3.      I have always wondered where you came up with the phrase “the façade of FCPA enforcement”? Can you tell us a bit about it.

I wish I could claim original ownership to the concept, but I borrowed the “façade of enforcement” part from U.S. District Court Judge Jed Rakoff in his SEC v. Bank of America decision concerning the SEC’s neither admit nor deny settlement policy.  The issues he raised in that case concerning the dynamics of resolving an SEC enforcement action have clear parallels to FCPA enforcement.  Just to be clear, and as noted on the very first page of the article published in the Georgetown Journal of International Law, I am not arguing or suggesting that every FCPA enforcement action is unwarranted or that no company or individual has never violated the FCPA.  Rather, what I aimed to demonstrate in the article was that a significant majority of recent FCPA enforcement actions are a façade – including those that allege clear instance of corporate bribery – yet are resolved without FCPA anti-bribery charges.  I was honored to have the opportunity to discuss my article and the “façade of enforcement” during my 2010 Senate testimony.  I conclude the article by encouraging more FCPA defendants to challenge the enforcement agencies and further expose the façade of FCPA enforcement.  I will leave it to others to decide whether the article has made a difference, but the article (as evidenced by download statistics) is the most read FCPA article out there and since its publication there have been several challenges to various enforcement agency theories.

4.      What is the reason you started the site FCPA Professor and what do you hope to achieve with it?

When I launched FCPA Professor in July 2009 my mission statement was to inject a much needed scholarly voice into FCPA issues. In addition to covering the “who, what, and where” of FCPA enforcement actions and related issues, I wanted to also explore the more analytical “why” questions increasingly present in this current era of aggressive FCPA enforcement. The goal was to foster a forum for critical analysis and discussion of the FCPA and related topics among FCPA practitioners, business and compliance professionals, scholars and students, and other interested persons.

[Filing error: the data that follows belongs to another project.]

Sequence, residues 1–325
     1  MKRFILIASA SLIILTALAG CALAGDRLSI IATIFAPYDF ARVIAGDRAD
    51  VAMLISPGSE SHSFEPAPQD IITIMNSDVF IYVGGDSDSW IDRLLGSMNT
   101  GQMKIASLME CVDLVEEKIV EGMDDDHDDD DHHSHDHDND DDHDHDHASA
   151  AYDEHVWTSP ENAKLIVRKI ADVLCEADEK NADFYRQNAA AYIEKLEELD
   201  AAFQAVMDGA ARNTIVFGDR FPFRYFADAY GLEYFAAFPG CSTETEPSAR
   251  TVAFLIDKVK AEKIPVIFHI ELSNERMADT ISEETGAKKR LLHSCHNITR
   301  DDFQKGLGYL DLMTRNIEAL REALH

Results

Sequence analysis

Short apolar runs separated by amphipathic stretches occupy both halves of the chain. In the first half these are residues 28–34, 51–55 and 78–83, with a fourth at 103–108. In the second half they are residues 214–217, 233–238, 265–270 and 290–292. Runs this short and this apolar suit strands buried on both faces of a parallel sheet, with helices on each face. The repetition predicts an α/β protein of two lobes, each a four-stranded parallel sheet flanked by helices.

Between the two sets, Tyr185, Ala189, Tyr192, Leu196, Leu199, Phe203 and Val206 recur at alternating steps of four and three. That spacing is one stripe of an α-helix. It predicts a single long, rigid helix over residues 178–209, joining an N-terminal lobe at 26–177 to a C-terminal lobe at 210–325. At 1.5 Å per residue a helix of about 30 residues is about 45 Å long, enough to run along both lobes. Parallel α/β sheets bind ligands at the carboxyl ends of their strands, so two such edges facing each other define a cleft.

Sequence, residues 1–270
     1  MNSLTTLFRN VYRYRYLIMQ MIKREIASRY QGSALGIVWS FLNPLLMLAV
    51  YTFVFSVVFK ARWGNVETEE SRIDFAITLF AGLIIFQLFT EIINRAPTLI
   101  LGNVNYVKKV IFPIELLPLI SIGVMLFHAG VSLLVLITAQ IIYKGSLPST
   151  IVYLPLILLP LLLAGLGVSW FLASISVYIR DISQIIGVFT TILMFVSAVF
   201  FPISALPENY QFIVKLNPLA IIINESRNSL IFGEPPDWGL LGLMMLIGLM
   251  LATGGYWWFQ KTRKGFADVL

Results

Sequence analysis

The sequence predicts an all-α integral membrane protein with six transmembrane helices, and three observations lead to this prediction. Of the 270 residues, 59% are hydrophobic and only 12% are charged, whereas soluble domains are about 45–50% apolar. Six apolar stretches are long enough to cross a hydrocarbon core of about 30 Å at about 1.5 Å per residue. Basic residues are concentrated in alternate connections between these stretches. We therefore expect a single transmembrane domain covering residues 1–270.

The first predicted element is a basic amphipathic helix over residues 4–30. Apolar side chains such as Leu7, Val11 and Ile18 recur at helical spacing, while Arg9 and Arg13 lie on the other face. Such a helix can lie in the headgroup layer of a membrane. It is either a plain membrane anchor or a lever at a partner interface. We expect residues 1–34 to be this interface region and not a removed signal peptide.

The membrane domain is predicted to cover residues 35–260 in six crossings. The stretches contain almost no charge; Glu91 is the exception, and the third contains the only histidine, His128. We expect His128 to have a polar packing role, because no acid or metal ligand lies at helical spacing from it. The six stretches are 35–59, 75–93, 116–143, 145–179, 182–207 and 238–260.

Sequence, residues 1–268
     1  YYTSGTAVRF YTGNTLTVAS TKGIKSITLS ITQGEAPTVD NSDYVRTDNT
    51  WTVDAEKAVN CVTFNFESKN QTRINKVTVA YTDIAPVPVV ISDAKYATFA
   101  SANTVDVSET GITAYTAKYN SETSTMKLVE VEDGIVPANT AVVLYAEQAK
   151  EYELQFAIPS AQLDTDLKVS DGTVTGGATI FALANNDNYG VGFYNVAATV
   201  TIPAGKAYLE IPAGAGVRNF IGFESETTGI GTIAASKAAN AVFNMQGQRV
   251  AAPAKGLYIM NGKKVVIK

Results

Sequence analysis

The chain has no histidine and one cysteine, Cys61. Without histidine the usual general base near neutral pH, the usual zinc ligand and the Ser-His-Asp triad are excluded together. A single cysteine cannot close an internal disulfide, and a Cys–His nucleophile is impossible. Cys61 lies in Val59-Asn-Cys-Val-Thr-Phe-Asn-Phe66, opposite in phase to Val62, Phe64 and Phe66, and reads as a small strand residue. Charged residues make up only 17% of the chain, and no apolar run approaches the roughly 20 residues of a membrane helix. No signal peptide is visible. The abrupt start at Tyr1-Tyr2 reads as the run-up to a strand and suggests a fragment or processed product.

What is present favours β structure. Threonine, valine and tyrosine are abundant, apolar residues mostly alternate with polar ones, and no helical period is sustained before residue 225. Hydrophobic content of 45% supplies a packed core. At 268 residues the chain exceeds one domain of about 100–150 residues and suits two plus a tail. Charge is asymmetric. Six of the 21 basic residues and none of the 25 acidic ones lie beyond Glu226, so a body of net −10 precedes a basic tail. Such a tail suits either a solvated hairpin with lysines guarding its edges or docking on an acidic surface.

The mission remains the same today.

5.      You recently completed your second Ironman, can you tell what it is like to prepare for and compete in such an event?

Ironman is obviously a physical test, but a mental test and emotional journey just the same.  The mind often tells the body to quit before the body is ready, competing in an Ironman proves that point.  After a 2.4 mile swim, and a 112 bike ride, your mind is telling you that you can’t run 26.2 miles.  After 6-8 miles of the run, your mind is telling you that you can’t run an additional 18 miles.  But you just do it because your body can.

Having the flexibility of an academic position makes training doable without sacrificing other aspects of my life.  My family continues to call Elkhart Lake, WI home during the non-academic portions of the year and it is an ideal triathlon training area with an active athletic scene.  There are some Ironman who allow the pursuit to dominate their life and religiously follow a training regime.  I am not one of those people, rather I train when I feel like training, not because a schedule says I am supposed to do x,y, and z on a particular day.  I think such an approach takes the fun out of the disciplines.

Being physically active is part of my DNA and sharpens my thinking.  In fact, many ideas for my FCPA Professor posts, articles and scholarship have been formed or sharpened while training.


For those of you who do not know him. the FCPA Professor is in fact Mike Koehler, who is an Assistant Professor, Southern Illinois Univ. School of Law. He writes daily on his own blog site, the FCPA Professor.


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© Thomas R. Fox, 2012